In this age of rampant government spending, new ways to secure funding often receive a lot of attention, particularly when they won’t cost the majority of Americans anything directly.
Elizabeth Warren’s proposed wealth tax, a 2% annual tax on assets valued over $50 million and 3% over $1 billion, has been a topic of discussion of late. But will it succeed in stemming the tide of debt?
As with any dramatic shift in policy, such a proposed tax requires a lot of scrutiny. While it can be difficult to predict the impact tax changes will have, one method is to compare the tax to similar policies put in place elsewhere in the world. Fortunately for analysts (unfortunately for proponents), there are many examples.
While 15 European countries have adopted wealth taxes in some form or another, as of this year, nearly all have repealed them. If this is insufficient evidence that wealth taxes are no miracle solution to fix a deficit, the effects tell a more complete story.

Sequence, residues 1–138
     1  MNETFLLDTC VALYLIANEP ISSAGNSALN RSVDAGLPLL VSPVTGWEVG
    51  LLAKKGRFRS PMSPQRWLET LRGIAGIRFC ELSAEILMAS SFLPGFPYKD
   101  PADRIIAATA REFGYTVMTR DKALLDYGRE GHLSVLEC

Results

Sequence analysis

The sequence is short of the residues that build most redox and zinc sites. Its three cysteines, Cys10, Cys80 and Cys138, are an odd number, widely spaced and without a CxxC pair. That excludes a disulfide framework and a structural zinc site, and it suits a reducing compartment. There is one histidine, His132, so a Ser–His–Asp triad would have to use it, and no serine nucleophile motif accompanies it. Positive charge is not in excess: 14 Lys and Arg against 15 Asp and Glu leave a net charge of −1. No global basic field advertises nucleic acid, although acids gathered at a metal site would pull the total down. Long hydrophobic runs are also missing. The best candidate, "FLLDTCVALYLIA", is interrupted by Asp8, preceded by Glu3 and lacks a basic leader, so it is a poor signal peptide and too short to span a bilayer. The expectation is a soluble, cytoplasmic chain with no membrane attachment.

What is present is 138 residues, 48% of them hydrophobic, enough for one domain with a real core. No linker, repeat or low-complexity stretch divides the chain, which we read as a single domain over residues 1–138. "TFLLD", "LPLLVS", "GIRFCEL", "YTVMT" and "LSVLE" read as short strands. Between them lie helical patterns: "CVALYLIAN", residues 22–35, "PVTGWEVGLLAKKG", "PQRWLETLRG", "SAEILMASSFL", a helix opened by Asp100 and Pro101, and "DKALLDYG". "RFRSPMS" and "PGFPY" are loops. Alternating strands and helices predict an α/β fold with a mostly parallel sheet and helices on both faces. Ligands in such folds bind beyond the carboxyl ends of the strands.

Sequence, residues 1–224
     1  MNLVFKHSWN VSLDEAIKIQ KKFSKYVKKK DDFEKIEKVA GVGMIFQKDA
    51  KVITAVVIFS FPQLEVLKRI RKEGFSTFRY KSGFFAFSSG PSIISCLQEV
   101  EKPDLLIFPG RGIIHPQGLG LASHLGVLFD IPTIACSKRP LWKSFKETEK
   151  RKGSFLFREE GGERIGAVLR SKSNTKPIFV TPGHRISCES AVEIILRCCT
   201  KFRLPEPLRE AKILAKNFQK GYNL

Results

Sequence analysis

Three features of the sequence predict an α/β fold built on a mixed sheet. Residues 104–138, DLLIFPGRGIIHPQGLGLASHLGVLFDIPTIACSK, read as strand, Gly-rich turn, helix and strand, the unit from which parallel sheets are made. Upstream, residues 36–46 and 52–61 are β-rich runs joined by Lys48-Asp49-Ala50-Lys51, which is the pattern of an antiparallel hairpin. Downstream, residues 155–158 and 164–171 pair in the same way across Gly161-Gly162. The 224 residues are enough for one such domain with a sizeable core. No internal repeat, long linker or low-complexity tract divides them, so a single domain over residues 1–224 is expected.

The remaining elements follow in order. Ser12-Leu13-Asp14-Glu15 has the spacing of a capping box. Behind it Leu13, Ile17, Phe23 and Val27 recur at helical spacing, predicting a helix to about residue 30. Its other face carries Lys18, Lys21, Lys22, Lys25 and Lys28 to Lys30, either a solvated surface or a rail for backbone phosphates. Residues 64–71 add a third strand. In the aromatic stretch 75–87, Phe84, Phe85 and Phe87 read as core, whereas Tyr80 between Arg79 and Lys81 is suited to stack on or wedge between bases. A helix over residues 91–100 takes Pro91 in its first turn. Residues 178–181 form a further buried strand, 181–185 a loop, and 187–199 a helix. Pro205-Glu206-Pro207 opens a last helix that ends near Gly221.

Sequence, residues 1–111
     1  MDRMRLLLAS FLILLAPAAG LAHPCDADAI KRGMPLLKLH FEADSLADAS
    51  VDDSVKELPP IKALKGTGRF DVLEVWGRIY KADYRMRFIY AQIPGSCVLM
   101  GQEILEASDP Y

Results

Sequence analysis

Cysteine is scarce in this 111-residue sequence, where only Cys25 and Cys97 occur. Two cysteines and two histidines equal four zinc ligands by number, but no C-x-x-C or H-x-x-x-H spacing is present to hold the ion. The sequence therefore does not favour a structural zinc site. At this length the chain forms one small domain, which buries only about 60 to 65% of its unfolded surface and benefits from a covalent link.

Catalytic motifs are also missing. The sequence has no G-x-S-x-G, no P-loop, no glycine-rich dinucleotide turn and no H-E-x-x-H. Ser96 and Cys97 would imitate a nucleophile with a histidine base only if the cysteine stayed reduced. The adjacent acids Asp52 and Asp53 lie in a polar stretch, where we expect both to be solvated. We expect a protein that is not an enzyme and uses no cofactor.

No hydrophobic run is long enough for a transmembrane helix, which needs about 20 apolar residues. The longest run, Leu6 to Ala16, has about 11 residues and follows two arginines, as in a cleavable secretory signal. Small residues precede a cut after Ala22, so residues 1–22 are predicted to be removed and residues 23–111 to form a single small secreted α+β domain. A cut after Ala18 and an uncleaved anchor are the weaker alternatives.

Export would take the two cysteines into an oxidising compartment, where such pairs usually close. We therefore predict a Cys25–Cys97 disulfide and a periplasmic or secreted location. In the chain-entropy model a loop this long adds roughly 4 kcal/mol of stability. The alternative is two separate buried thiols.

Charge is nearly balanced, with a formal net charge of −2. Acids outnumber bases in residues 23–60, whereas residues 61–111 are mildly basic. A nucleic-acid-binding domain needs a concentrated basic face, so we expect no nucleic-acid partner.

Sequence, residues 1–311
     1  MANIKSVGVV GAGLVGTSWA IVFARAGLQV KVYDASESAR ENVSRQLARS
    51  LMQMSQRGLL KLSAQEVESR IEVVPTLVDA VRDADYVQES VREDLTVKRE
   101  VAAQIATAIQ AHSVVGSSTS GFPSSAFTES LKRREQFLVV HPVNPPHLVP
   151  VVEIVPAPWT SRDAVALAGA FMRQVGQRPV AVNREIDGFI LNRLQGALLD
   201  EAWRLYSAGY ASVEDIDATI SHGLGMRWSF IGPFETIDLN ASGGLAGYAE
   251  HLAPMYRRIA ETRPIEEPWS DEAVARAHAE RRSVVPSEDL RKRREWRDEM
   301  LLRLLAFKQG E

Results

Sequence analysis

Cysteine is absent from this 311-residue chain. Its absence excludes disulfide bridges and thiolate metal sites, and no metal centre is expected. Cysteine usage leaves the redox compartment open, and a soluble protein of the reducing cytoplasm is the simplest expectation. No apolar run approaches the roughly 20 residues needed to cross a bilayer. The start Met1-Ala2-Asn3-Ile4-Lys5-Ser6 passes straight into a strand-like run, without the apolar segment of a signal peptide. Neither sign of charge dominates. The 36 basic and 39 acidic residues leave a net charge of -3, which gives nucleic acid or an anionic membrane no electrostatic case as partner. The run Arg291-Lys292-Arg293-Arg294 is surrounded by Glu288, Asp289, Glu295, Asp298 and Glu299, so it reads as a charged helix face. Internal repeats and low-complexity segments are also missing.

Sweden ended its tax in 2007, after doing incredible damage to its economy. Its tax has been estimated to bring in around $466 million per year, yet over its lifespan has caused $155 billion in assets to leave the country. $23 billion in losses came when just one man, Ingvar Kamprad, the founder of IKEA, turned his wealth over to foreign managers to evade the tax.
In a study on the French wealth tax, the Impôt de Solidarité sur la Fortune, economist Eric Pichet estimated that the tax reduced annual GDP by 0.2%, and further stated that the tax “impoverishes France.”
But the negative effects are not merely economic, they often drive the wealthier citizens to abandon their country altogether.
France’s already ineffective tax caused 12,000 millionaires to leave the country per year. This massive exodus prompted the government to not only repeal the wealth tax, but desperately slash taxes across the board.
Not all policies are the same, and Warren’s proposed tax contains measures aimed at preventing a similar migration of wealthy citizens. These tactics, however, have their own consequences.
Perhaps in response to the failures of wealth taxes in Europe, Warren’s “ultra-millionaire tax” includes a provision to tax 40% of all assets over $50 million of any American who renounces his or her citizenship.
Such a nuclear option is an obvious attempt to stem the loss of millionaires seen in other countries, but it forces many Americans to make incredibly difficult choices.